Minding The Gap(s): Susan Barrett, St. Louis Macro Intellectual And Creative Heavyweight
“Art should not be limited to the art world. Art is much broader, more complex and full of possibilities. That is what really energizes me, and is what we’re really trying to understand … ”
Susan Barrett is an “and” person. Rarely in conversation will she qualify a claim with a caveat, or pause to review and solemnly reflect. Rather, she tends to string one possibility onto another, her voice rising in excitement with each conjunction in the air.
As an artist and founder of projects+gallery and Barrett Barrera Projects, plus a wife and mother, Barrett is, above all, a master of addition, of cross-pollination, of a process that pushes the boundaries between genre and vocation. “I tend to understand things from a higher perspective, instead of getting bogged down by details,” she shares from her St. Louis, Missouri, office. “I don’t care how things are done day-to-day. I’m more interested in the end goal.”
In person, Barrett is statuesque, her expressions constantly moving. Geometric earrings dangle against her auburn curls. Seated against a white wall, she resembles a Modigliani model—minus the gloom. Her smile is easy, her cheekbones high, her eyes a bit mischievous, as though she’s in on some awesome secret, waiting for the perfect moment to spill the goods.
“I’ve changed my career so many times that a lot of people can’t pinpoint me,” she jests—or half-jests, really. “I’m constantly pushing. As an artist myself, I’m always challenging the concept of what is art. Developing my business is just another form of creation.”
A native St. Louisan, Barrett earned her bachelor of fine arts in visual art at Washington University in St. Louis before pursuing a master’s in architecture.
But that doesn’t tell the whole story. “When I was an undergraduate, you had to be very specific about what you did. I studied painting—but added a bachelor’s in comp lit, and another in French.”
Filled with wide drawing tables, bold contemporary photographic prints and an assortment of antique Asian icons, Barrett’s office itself indicates a mélange of creative collisions—a cross between studio, gallery and professional workspace. Her own desk in the corner is covered with books, figures and plans in progress, a small bowl of well-loved crayons burrowed toward its edge. Though, the office isn’t messy, or even particularly chaotic. Instead, it seems to represent the mind of a fiercely macro thinker who has long dismissed the sense of containing things in categories that only nominally exist.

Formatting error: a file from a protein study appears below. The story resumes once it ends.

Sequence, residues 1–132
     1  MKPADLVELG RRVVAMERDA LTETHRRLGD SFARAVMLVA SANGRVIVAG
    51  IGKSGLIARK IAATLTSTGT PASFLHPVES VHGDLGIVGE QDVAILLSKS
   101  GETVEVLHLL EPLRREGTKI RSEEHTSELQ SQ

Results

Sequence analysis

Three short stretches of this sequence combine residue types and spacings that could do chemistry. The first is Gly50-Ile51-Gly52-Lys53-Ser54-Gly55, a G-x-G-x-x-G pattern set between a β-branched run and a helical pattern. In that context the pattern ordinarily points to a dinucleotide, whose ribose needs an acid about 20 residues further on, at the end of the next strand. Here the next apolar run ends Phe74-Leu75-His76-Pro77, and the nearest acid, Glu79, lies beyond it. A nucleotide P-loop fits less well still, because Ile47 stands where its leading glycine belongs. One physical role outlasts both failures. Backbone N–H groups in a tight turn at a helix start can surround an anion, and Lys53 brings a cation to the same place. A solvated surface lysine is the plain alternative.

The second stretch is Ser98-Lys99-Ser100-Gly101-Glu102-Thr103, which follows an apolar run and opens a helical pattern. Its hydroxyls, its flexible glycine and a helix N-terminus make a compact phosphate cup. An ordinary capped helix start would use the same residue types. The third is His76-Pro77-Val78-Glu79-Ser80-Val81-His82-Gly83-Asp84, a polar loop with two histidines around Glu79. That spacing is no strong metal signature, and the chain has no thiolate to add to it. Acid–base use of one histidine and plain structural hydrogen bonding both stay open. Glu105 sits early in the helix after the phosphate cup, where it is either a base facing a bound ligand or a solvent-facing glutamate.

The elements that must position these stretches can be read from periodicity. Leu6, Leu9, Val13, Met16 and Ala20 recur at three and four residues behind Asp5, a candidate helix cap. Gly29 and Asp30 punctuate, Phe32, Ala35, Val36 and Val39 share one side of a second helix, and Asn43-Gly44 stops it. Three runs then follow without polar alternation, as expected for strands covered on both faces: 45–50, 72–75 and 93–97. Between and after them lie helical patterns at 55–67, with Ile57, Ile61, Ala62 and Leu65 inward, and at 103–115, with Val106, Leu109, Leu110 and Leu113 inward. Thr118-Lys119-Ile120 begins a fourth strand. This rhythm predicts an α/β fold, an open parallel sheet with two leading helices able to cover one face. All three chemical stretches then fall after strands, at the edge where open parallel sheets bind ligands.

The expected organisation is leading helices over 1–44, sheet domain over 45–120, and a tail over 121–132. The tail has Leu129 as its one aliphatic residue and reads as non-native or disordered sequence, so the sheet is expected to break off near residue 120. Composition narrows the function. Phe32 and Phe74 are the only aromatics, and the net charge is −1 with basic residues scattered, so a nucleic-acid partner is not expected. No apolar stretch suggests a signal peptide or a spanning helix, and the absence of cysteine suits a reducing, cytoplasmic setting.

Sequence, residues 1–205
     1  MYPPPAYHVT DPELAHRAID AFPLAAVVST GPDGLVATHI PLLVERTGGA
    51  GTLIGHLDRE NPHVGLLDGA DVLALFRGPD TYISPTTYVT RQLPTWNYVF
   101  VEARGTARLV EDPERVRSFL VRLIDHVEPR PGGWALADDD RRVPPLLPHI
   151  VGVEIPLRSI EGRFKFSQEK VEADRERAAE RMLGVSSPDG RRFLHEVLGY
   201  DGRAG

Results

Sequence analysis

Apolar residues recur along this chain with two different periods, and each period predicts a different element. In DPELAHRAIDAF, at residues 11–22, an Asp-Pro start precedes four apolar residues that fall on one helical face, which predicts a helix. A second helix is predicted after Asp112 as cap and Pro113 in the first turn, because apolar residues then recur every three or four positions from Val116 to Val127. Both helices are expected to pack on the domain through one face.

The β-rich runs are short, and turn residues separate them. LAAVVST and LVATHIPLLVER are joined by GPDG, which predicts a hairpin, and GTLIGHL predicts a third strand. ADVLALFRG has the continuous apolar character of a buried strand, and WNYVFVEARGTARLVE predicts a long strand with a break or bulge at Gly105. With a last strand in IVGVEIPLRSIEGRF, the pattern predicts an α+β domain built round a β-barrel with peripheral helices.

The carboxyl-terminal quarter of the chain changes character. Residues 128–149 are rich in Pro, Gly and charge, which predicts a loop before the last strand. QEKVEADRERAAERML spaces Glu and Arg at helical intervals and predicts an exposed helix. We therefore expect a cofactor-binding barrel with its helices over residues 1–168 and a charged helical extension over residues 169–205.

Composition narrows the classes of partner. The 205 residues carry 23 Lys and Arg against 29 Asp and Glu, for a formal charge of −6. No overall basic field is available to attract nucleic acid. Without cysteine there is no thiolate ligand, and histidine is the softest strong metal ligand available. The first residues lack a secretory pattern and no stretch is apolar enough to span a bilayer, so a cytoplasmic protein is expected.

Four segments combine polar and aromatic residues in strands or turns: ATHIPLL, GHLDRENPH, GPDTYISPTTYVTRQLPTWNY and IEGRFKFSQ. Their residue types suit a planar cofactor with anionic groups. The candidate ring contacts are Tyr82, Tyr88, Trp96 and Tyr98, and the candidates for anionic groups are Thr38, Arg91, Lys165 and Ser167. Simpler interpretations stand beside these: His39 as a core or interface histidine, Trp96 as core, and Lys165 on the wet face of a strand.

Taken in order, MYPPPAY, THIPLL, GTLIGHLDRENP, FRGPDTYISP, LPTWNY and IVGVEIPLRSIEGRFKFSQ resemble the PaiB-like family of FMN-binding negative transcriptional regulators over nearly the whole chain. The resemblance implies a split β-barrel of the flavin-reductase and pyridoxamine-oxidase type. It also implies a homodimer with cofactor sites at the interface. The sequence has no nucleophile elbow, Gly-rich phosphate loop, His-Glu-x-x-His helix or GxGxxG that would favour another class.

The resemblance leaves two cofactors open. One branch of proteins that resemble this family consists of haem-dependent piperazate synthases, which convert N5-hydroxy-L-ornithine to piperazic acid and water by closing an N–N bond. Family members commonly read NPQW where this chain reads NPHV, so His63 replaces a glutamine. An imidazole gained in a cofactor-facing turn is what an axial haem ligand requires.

“When I went to architecture school, I had a little bit of a meltdown in terms of understanding space,” she explains. “All of the sudden I realized, ‘I don’t understand space. What is space?’ For me it was always the same, whether I was painting or creating. Suddenly there were all these dogmas—what is space, and how do you flow through it? But my inspiration in architecture school was always artists.”
Unsurprisingly, as a designer, artist and entrepreneur, Barrett’s inspiration has ranged from modernist architecture to hip-hop music to Japanese haute couture.
“For as long as I can remember I was drawing house plans, the people who go in them, and then drawing what’s on the wall and what everyone was wearing. There were never divisions between what was art, architecture and design. You create.”
Launched in 2014 in the wake of the phenomenally successful “A Queen Within” fashion exhibition at the World Chess Hall of Fame—which Barrett hosted—the projects+gallery vision means pairing Dolce & Gabbana stilettos with art by the likes of Marilyn Minter and Kehinde Wiley; or, this past fall, portraits by Hassan Hajjaj, the “Andy Warhol of Marrakesh,” with quilted sculptures by St. Louis artist Basil Kincaid. Under the directorship of Bridget Melloy, the global gets local, and the local goes for broke—with a cross-disciplinary focus at once fabulous and ambitious.
“I think the whole notion of being pigeon-holed is changing,” says Barrett, swift to relate this broader shift to her own personal experience. “When I was growing up, I was never satisfied. I think that my parents were quite alarmed that I was a jack-of-all-trades and a master-of-none. Time has caught up with those of us who have multiple interests and can hold them at the same time. I think that is where, collectively, societally, that’s where we are headed.”
A roving maximalist, Barrett makes no apologies for coloring outside the lines, in philosophy or presentation. And why should she? “With projects+gallery, initially people didn’t know what we were,” Barrett recounts with an air of amusement, “and some people still don’t understand. We don’t look the same every time, and that’s very intentional. For us, it is important to give the artist the entire voice. We are not the ones curating it; we invite the artist to come curate their own work.”